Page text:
Places of passage: Rabaçal, Esporões, Moreira de Rei, Castaíde
Marialva is the northernmost village of the GR22 - Great Route of the Historical Villages of Portugal, and the route now heads south, descending to the devesa of this Historical Village, where it leaves the previous leg. Continuing on a dirt road, it crosses the bridge of the Marialva stream and heads towards Rabaçal, now mostly towards west, up to Esporões. After crossing this village, it follows forest roads, which progressively become agricultural paths as it approaches Moreira de Rei and its curious granite formations. From there, and already together with the “Guardians of the Plateau” route, this leg continues south until Castaíde, where it finds the Azedo valley, which it then follows until it starts the final climb to the Historical Village of Trancoso.
Fauna and Flora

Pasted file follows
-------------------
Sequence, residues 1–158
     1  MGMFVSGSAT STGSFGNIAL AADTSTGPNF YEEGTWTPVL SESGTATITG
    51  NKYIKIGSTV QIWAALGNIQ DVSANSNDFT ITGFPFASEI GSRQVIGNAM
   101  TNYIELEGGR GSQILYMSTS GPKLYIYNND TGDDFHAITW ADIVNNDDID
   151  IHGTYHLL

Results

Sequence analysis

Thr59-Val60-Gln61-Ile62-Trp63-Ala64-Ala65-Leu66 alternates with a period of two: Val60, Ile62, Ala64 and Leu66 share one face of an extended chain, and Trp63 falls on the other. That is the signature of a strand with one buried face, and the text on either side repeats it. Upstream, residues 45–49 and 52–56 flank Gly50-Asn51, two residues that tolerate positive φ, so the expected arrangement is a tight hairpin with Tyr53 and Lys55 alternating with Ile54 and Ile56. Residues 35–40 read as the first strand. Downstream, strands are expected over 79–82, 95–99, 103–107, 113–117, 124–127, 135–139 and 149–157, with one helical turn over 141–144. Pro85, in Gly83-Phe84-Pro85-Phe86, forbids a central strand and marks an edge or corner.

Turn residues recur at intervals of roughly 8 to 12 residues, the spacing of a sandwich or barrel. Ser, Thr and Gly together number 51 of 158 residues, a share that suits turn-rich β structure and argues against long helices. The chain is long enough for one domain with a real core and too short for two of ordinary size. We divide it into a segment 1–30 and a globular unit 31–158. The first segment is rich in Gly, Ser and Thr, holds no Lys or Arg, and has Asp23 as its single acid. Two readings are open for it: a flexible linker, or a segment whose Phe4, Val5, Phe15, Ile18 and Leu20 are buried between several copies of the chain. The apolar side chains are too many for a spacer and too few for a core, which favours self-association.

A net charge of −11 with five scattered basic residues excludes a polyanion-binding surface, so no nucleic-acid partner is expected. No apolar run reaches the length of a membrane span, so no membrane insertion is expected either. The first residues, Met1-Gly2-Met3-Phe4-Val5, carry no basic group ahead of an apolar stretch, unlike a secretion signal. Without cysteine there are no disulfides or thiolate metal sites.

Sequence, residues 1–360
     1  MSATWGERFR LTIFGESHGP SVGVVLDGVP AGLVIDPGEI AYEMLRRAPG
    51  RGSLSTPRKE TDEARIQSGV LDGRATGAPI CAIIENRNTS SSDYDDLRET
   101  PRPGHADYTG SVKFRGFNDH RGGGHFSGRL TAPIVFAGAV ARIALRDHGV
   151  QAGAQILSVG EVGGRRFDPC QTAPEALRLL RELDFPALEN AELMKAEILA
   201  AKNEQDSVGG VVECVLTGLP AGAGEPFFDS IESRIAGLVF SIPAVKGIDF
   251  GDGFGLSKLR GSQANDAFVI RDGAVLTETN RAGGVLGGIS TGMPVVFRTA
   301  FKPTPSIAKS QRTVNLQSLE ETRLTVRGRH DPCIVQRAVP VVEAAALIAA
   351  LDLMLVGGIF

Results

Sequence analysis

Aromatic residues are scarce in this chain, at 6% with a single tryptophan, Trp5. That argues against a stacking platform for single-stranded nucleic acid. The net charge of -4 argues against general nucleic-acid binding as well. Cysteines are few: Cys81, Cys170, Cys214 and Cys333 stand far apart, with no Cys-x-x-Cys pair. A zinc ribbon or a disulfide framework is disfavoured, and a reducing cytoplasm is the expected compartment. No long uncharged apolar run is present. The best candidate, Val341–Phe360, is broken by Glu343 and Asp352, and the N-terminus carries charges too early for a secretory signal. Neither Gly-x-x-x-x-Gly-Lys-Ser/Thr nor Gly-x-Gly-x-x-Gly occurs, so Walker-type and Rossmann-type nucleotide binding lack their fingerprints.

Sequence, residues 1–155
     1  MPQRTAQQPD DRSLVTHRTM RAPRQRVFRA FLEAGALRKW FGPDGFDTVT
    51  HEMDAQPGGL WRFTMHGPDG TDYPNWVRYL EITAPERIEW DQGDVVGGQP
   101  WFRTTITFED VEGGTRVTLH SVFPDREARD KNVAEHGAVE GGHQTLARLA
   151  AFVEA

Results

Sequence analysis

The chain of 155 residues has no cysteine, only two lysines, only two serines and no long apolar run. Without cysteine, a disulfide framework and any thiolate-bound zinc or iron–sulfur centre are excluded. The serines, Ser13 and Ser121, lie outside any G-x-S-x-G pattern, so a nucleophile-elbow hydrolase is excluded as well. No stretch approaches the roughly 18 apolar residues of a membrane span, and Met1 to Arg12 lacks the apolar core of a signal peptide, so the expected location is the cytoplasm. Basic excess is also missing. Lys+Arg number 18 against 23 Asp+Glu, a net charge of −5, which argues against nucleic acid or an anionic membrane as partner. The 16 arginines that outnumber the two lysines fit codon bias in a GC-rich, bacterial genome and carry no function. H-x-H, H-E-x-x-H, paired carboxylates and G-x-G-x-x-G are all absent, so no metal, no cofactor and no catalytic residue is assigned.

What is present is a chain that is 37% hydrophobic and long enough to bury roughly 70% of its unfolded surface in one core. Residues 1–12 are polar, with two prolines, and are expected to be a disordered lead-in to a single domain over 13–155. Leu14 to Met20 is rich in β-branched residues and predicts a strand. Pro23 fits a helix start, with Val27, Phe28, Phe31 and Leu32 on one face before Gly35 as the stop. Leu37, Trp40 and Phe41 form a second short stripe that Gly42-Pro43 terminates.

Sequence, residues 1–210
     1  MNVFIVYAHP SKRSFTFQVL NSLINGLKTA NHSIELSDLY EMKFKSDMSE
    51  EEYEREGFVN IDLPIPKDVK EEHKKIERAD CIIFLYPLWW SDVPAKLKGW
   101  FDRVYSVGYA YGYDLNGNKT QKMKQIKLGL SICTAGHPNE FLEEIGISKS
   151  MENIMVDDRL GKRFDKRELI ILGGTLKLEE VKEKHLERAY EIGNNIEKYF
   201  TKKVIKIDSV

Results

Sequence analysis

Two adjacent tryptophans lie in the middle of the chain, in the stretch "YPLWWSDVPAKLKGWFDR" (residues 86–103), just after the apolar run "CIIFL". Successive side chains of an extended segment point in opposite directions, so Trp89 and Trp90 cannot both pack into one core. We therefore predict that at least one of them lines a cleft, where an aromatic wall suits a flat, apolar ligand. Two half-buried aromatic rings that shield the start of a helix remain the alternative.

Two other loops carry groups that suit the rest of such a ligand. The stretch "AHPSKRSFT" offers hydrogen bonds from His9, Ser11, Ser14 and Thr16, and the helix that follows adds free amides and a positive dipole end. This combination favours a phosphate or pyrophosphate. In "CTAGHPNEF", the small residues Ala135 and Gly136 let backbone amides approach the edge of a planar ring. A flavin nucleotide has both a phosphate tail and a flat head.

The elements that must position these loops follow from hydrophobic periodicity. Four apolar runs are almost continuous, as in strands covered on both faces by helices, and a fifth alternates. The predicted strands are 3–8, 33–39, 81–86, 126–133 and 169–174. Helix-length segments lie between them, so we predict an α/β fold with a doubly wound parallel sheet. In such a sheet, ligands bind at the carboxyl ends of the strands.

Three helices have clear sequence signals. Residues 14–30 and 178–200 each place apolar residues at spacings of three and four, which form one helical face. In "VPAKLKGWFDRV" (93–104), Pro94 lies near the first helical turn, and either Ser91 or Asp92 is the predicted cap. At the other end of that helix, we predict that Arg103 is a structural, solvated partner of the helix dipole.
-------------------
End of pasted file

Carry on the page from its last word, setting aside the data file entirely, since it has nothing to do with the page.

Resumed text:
_MARIALVA_ Just outside Marialva we find an agricultural area with a high density of birds, among which stand out the cirl bunting, the spotless starling, and the Eurasian hoopoe, which, by staying here during winter, proves the Mediterranean character of this area. Closer to the river we can find examples of junipers, Montpellier maples, and turpentine trees, so characteristic of the Douro environments. On the slopes of the Côa, the landscape is characterized by being a valley nestled between granite cliffs. The river houses species such as the Iberian green frog, the marbled newt, the viperine water snake, and the common otter, but flying overhead we find the crag martin and the red-rumped swallow, while the common chiffchaffs sing amidst the broom. _TRANCOSO_ The plateaus near Trancoso are characterized by being surrounded by elevations, which are sometimes of rock formations, sometimes covered by pine forest, where we can find one of the most curious farm types of this region: the fields enclosed by tree hedges; in this case, essentially Pyrenean oak. The Muxagata valley is fully cultivated and flanked by alder trees, while from the pine and broom covered areas above come the sounds of carrion crows and European green woodpeckers. Along the paths and marshes emerge the living hedges made of common hawthorn or even flax-leaved daphne. By the stream, we can watch species such as the common linnet, the European goldfinch, the whinchat, the European turtle dove, and the common blackbird, among others. On the other hand, further up the valley, as we approach mountainous environments, we may find the common buzzard or the great grey shrike.